HC Deb 30 January 1962 vol 652 cc887-90
Q2. Mr. Emrys Hughes

asked the Prime Minister what representations he made to Dr. Adenauer regarding an increase by Germany of arms purchases from Great Britain.

Q7. Mr. Lipton

asked the Prime Minister whether, during his recent conversations with Dr. Adenauer, he discussed the matter of an increased German contribution towards the costs of the British Army of the Rhine.

The Prime Minister

I would refer to my reply on 25th January to the hon. Member for Glasgow, Govan (Mr. Rankin).

Mr. Hughes

Is the Prime Minister aware that it has been widely reported, both here and in Germany, that there was discussion between him and Dr. Adenauer about buying more arms from this country, that he went to Germany as a sort of super commercial traveller to sell armaments? Can he tell us what Germany is likely to send to this country if we send Germany more armaments?

The Prime Minister

As the House knows, the problem of maintaining our forces overseas imposes a very heavy exchange burden upon us. If this can be met by the Germans buying arms from British sources it will certainly be a great relief towards the exchange problem.

Mr. Lipton

Does not the right hon. Gentleman, however, find it rather sickening that for such a long time now British Ministers, including himself, have had to go in relays on these bootlicking expeditions in relation to their opposite numbers in Germany for the purpose of trying to extort a little charity to enable us to meet the financial commitments arising from keeping British troops in Germany? Would it not be much simpler to bring British troops back from Germany and thus solve this very serious balance of payments problem?

The Prime Minister

No. I think there would be disadvantages in that course in the strength of the whole N.A.T.O. Alliance.

Mr. H. Wilson

Does not the Prime Minister think this a very serious matter, that the failings of our export record are such that this country has to balance its overseas payments by shipment of arms abroad, not only to Germany but to many other countries? Does he not feel that it is extremely humiliating for Ministers to go cap in hand touting for arms orders every time they go abroad?

The Prime Minister

The right hon. Member fails to appreciate the very heavy balance of payments problem placed upon us by keeping large numbers of troops as part of the N.A.T.O. Alliance overseas. [An HON. MEMBER: "Bring them home."] If it can be met by the Germans placing orders for arms here, that would be a helpful solution of part of that problem.

Mr. Gaitskell

Is it not a fact that West Germany is still spending a very much smaller proportion of its national income on defence than is the United Kingdom? Is not this the real problem? Is it not rather unsatisfactory that we should try to get out of our difficulties by shipping arms to Germany when what is really wanted is a proper arrangement by which the proportion spent on defence by members of N.A.T.O. is much closer than it is today?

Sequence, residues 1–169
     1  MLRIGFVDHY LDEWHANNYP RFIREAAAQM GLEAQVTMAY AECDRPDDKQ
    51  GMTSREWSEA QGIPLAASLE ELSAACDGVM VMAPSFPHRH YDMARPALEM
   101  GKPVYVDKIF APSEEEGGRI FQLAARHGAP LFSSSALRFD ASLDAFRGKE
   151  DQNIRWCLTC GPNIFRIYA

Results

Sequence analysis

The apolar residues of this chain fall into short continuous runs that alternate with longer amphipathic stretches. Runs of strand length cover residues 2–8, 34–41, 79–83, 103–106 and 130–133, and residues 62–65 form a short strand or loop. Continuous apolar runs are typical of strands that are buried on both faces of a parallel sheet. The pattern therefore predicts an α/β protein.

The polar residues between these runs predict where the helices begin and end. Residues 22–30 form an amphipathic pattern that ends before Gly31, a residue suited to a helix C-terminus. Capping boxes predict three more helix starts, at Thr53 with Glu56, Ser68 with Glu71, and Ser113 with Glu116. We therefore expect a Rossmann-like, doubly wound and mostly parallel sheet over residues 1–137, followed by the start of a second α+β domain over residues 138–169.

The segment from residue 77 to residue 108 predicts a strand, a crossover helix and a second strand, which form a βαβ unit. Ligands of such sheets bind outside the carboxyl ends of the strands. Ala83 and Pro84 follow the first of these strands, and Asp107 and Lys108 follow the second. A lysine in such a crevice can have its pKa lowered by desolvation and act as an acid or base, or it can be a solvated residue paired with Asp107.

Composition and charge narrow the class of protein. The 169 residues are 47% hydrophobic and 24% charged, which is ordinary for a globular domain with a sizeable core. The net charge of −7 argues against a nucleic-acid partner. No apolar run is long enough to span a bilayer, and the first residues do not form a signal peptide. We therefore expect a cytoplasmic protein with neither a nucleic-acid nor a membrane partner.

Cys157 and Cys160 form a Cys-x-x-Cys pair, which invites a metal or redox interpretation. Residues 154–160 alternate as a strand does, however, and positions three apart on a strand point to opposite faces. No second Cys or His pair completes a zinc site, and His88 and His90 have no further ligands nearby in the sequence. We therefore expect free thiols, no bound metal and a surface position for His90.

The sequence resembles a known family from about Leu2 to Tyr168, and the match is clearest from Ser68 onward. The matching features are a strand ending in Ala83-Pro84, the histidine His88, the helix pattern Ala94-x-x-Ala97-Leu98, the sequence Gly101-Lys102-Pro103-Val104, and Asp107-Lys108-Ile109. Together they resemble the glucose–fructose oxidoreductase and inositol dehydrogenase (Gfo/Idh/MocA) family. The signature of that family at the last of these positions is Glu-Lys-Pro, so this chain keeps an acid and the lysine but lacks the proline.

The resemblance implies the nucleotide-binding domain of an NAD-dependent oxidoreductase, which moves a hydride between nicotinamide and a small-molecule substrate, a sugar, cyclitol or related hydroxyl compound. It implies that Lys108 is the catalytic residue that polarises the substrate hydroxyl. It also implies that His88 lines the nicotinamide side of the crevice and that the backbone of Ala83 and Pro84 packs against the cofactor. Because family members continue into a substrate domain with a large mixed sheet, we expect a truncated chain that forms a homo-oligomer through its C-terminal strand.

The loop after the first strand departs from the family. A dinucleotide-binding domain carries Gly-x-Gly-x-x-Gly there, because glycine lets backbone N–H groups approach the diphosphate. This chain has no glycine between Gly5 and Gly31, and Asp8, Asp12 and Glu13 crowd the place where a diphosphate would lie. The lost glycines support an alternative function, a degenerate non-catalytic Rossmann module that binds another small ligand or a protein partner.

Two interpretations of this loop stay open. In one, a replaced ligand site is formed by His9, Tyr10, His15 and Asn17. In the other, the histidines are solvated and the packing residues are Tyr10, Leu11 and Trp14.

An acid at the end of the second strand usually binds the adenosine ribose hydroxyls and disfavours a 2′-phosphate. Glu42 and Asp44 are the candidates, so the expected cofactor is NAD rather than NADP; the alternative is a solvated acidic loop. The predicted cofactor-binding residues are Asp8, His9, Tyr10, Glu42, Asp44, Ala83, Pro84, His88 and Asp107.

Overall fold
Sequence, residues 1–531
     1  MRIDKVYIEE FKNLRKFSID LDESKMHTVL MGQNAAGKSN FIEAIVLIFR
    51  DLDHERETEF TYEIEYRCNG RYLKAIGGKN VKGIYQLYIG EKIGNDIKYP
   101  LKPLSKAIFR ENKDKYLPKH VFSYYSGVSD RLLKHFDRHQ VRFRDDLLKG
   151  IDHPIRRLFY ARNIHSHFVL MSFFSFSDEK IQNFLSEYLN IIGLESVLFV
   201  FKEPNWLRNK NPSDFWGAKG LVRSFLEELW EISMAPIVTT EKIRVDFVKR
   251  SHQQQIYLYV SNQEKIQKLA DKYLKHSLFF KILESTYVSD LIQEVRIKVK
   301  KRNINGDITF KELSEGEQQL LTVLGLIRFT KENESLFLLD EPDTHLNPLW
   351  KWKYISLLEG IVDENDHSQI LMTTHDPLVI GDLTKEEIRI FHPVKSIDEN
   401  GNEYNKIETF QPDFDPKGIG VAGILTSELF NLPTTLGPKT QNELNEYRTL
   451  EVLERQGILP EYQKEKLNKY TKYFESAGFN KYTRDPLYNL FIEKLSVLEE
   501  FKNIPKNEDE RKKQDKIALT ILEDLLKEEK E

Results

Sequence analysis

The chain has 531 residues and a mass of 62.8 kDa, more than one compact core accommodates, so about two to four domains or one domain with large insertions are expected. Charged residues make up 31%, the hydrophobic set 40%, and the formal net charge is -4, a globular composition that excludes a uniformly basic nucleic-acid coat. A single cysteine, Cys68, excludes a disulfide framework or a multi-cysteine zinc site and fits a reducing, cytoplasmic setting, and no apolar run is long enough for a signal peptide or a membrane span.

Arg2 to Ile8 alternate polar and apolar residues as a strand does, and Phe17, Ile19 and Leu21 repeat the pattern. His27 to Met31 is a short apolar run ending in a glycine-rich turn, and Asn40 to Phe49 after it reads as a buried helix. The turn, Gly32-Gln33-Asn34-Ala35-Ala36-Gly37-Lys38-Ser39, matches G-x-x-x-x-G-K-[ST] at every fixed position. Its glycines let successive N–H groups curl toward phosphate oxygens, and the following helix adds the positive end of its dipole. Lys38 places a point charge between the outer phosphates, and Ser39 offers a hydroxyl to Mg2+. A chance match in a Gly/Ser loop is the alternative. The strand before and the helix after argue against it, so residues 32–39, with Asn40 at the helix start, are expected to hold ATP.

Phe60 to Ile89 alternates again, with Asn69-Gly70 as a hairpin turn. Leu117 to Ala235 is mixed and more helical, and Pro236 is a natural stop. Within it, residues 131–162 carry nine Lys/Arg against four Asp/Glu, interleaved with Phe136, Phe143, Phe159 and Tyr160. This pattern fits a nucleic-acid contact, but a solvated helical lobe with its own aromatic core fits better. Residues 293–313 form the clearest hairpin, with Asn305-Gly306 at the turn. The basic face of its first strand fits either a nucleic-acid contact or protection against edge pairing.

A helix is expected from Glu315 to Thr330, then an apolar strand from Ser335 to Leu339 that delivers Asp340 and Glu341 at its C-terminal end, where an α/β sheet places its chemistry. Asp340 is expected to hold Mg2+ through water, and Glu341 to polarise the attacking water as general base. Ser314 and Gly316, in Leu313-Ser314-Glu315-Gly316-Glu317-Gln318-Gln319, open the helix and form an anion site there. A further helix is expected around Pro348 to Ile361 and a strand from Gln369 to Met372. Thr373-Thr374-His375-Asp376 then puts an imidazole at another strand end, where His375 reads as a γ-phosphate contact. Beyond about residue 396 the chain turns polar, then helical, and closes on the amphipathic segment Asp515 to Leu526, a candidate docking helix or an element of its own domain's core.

The Prime Minister

As the right hon. Gentleman knows, it is only a proportion of the money spent on defence. What falls so heavily on us is the large proportion of expenditure which is overseas expenditure.

Mr. Gaitskell

Since, as the Prime Minister has not denied, West Germany is spending a much smaller proportion of her income upon defence than we are, could we not invite a contribution to the support of N.A.T.O. other than through the form of purchasing arms from us?

The Prime Minister

As the right hon. Gentleman knows, this is not a budgetary problem but a balance of payments problem. This is probably one of the easiest methods of meeting it, at any rate for the time being.

Sir A. V. Harvey

Does my right hon. Friend recall that immediately after the war the Labour Government set the fashion by selling new type jet engines to Soviet Russia to get an income?

Mr. Shinwell

Is it not obvious to the Prime Minister that our troops are in Germany as much for the protection of the Germans as for the people of this country? If we cannot afford to spend £70 million a year on maintaining our troops in Germany and if the Germans will not pay their fair share, is it not about time that we brought our troops back?

The Prime Minister

It is the fact of it being overseas expenditure, added to the very heavy overseas expenditure which we make in many parts of the world. Therefore, it is not simply a proportion of the national income. What lies heavily upon us is the burden that we carry in many parts of the world. It is to try to meet that burden that these discussions have been instituted.

Mr. Rankin

Does the Prime Minister think that selling arms to Germany will help to promote a disarmament agreement?

The Prime Minister

That is quite another matter. These arms are going to be procured by the Germans, whether they buy them from the Americans or manufacture them themselves. It is to our advantage if we can help to meet our balance of payments by supplying them from our own resources.

Mr. Gaitskell

Is it not obvious that, if the Germans were to put into the N.A.T.O. pool the kind of expenditure which they are supposed to be going to spend on arms from us now, that would help our balance of payments and bring up the proportion spent on defence by Germany to a figure somewhat nearer to what we spend?

The Prime Minister

I understand that the proportion at present spent by Germany is less, but not very much less, and it is growing all the time as the German Army is growing. What the right hon. Gentleman calls the N.A.T.O. pool is exactly the problem. The whole problem is the balance of payments aspect, and that problem has not yet been resolved.

Mr. Emrys Hughes

In view of the unsatisfactory nature of that reply, I give notice that I will raise the matter at the earliest possible moment.